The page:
In short, according to Yelderman, absent multiple conditions a patent challenge or even invalidation may have no effect on the market and no benefit for consumers. Consequently, settling patent cases in a way that preserves the patents (and potentially insulates them from further challenges) is not detrimental to consumers unless the specified conditions are met.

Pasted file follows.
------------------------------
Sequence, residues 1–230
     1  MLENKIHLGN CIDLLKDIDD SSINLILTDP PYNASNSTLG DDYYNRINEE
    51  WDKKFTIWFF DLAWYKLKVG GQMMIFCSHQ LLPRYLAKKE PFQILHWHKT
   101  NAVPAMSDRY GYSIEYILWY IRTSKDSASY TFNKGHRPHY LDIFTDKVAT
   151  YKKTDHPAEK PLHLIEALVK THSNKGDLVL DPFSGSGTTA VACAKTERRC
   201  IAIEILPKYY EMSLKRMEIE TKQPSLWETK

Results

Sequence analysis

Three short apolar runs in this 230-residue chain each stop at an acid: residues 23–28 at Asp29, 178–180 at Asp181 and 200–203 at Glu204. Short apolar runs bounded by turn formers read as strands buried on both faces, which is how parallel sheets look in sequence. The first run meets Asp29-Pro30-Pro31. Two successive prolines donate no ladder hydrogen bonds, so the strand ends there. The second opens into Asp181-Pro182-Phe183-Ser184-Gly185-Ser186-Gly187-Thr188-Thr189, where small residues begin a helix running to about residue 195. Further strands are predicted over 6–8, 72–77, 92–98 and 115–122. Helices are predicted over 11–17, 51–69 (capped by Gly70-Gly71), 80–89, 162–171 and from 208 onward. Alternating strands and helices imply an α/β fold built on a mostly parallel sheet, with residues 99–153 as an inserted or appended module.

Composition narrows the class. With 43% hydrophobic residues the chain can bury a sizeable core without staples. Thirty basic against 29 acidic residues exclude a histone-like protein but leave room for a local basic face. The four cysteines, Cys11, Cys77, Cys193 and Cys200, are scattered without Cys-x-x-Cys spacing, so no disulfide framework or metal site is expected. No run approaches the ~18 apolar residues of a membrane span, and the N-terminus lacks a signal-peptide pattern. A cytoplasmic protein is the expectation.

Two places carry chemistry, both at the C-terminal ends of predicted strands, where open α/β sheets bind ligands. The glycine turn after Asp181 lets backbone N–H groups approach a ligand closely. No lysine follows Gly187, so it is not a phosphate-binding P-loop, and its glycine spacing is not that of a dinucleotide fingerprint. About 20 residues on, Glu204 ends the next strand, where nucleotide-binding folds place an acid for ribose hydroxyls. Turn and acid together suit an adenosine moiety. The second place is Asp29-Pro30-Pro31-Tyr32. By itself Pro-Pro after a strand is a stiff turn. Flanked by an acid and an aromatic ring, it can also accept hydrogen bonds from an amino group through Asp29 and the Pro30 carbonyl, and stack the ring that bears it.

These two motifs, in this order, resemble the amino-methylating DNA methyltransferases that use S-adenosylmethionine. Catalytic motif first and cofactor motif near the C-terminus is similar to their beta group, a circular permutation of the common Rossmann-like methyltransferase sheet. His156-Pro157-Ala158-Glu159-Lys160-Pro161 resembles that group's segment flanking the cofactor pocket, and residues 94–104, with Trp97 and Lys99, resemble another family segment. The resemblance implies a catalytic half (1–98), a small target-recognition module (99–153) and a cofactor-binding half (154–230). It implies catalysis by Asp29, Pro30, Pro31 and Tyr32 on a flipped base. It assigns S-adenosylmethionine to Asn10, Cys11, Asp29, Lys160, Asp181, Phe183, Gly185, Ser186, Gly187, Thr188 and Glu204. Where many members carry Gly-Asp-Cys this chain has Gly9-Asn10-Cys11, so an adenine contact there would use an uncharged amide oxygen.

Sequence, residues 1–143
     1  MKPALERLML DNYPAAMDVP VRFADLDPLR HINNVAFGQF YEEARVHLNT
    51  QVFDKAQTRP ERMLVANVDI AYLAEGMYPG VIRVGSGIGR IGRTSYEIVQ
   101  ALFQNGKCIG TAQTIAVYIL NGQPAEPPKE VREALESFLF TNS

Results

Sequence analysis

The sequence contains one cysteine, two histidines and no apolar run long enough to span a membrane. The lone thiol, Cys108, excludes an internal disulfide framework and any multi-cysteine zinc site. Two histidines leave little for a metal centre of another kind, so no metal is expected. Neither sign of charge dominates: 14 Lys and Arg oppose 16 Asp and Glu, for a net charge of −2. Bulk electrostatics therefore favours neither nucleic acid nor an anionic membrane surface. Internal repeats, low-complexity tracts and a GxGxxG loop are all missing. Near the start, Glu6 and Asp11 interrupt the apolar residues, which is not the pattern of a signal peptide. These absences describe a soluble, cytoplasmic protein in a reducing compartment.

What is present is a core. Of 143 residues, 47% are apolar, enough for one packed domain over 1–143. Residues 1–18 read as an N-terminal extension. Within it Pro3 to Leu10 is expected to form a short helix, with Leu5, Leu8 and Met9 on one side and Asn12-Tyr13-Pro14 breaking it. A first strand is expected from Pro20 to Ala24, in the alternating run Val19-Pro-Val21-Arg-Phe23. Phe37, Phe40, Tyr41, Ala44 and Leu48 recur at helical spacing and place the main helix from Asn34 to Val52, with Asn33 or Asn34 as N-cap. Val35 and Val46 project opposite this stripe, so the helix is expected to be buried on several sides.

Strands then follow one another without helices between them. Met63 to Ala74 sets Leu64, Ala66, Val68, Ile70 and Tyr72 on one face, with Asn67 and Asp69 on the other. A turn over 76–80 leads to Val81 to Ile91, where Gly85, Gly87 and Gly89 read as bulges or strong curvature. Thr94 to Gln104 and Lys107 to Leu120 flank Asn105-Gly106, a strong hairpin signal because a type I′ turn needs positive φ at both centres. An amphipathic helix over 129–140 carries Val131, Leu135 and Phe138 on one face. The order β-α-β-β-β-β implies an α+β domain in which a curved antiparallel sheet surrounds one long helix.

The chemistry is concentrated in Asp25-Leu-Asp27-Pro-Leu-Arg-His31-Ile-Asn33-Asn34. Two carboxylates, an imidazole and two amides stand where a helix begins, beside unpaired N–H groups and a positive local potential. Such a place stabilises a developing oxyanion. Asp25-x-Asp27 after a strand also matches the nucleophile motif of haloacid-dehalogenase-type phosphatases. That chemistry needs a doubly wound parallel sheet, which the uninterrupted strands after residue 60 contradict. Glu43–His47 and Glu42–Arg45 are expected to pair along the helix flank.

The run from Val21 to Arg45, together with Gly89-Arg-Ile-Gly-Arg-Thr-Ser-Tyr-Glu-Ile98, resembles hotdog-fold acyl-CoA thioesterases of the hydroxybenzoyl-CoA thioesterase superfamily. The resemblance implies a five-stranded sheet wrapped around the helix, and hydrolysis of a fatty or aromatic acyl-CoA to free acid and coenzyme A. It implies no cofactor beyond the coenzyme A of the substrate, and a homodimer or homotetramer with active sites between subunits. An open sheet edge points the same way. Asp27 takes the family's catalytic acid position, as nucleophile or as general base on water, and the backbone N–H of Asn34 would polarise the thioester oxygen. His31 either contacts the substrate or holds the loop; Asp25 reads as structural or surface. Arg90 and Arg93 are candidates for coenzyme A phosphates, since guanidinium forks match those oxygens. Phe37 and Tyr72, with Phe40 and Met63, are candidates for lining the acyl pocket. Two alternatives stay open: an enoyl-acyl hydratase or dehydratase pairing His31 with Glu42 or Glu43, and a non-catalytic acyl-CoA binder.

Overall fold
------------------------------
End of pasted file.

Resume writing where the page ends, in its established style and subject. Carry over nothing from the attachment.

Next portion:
There is little to disagree with in Yelderman’s basic argument, except perhaps to note that it in fact understates the issue, for litigation over patents doesn’t usually invalidate patents as a whole, but rather addresses itself to specific patent claims.19 Thus, even in situations in which a challenger manages to prevail in litigation, absent complete victory over all relevant claims, the effect on the market would be negligible at best.20 Ultimately though, while I don’t disagree with Yelderman’s argument on its own terms, I wish to challenge some of the implied assumptions of his article. Yelderman’s argument proceeds from the premise that patents are a barrier (albeit often a justified one) to competition. Having accepted that assumption, Yelderman argues that patent challenges can provide an appreciable benefit to consumers if the patent in question is the sole barrier to market entry. Conversely, patent challenges are of no consequence when other barriers continue to exist. In this Response, I intend to show that the initial premise—that patents are a barrier to competition—is not to be easily assumed, and that therefore the conclusion that patent challenges provide a benefit to consumers is not necessarily true even in the absence of other, nonpatent barriers to entry.